Windsor Mold Group, a locally-based consortium with offices in Canada, the U.S., and Mexico, has signed a contract with the federal government to produce two million face shields for health care workers who are in the trenches of the war against the novel coronavirus.

According to a release from Windsor-Tecumseh MP Irek Kusmierczyk, the technology employed by Windsor Mold Group helped them secure a contract ahead of thousands of other suitors.

“It is inspiring to see a local company like Windsor Mold Group step up to produce equipment that will protect our frontline healthcare workers in our community and across Canada,” said Kusmierczyk. “To adapt their manufacturing operations and get the proper approvals so quickly is a challenging task, and it speaks to the tremendous talent and determination of our manufacturing sector across Windsor and Essex County.”

Windsor Mold Group will also produce thousands of headbands for health care workers.

According to the release, Public Services and Procurement Canada (PSPC) received over 30,000 proposals from Canadian businesses and manufacturers looking to help in the battle against COVID-19. PSPC is working in cooperation with the Public Health Agency of Canada and Innovation, Science and Economic Development Canada.


Aviva to start using credit info as auto rating factor in this province.

Aviva Insurance Company of Canada and Traders General Insurance Company have permission to use consumers’ credit information as an auto rating factor, the Nova Scotia Utility and Review Board announced Monday.

Insurers are specifically prohibited from using credit information as an auto rating factor in both Ontario and Newfoundland and Labrador, the NSURB noted.

But in Nova Scotia, Aviva and Traders (which is part of the Aviva group) proposed to add a “responsibility factor.” This means Aviva and Traders would use customer credit information as a new rating factor. Before giving Aviva the green light, NSURB considered whether current Nova Scotia regulations, which do not specifically prohibit the practice, nonetheless preclude auto insurers from using credit scores to rate auto.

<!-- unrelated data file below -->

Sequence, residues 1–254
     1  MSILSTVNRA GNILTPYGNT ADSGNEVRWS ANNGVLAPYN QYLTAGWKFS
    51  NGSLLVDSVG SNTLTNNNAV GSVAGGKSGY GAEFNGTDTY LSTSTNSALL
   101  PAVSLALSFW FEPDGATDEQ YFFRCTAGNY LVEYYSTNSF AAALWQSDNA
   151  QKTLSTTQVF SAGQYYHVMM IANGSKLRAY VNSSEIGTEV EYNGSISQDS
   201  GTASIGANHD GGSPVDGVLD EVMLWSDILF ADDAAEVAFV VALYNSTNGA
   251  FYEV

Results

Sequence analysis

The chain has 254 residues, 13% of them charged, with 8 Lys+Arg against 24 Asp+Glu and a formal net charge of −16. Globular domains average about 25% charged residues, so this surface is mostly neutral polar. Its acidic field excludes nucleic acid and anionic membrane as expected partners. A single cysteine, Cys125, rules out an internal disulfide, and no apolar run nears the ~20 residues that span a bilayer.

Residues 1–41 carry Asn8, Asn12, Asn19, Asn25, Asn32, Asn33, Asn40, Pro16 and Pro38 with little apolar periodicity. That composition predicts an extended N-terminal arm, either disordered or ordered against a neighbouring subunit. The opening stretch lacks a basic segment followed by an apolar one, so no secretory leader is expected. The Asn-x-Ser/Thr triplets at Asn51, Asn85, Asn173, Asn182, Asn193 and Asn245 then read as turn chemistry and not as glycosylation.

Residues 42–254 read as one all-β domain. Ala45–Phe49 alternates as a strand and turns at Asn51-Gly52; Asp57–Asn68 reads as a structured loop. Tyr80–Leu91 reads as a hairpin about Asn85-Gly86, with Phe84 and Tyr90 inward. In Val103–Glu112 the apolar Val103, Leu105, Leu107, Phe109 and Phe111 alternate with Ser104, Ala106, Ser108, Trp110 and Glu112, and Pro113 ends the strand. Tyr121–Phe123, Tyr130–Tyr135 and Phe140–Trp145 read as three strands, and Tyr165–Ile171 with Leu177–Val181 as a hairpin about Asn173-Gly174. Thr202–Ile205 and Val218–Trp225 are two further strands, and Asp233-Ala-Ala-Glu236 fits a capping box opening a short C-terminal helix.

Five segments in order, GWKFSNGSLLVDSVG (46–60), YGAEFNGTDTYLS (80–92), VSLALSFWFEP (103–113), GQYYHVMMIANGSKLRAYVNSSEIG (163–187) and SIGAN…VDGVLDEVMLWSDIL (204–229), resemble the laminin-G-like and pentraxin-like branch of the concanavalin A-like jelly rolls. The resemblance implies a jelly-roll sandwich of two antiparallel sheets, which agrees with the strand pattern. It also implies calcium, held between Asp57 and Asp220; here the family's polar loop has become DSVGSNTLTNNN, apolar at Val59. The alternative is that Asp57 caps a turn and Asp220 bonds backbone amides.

The board considered Section 2 of Nova Scotia Regulation 183/2003, Matters Considered in Automobile Insurance Rates and Risk-Classification Systems Regulations, which says a rating factor may not be subjective, arbitrary, contrary to public policy, or one that “bears little or no relationship to the potential risk to be assumed by the insurer.”

In giving Aviva the go-head, NSURB took into account Aviva’s assurance that a customer would not be required to provide credit information in order to obtain insurance.

“A customer may be able to obtain a better rate if [credit rating] information is provided, but won’t be denied insurance if they do not. Considering all of this, and in the absence of specific evidence providing a justification for doing otherwise, the board finds that approving the proposed rating variable would not be contrary to public policy,” NSURB member Stephen McGrath wrote for the board in its ruling.

The board ordered Aviva and Traders to provide an update on whether experience emerges as expected for the responsibility factor when they start the next round of rate approvals this December.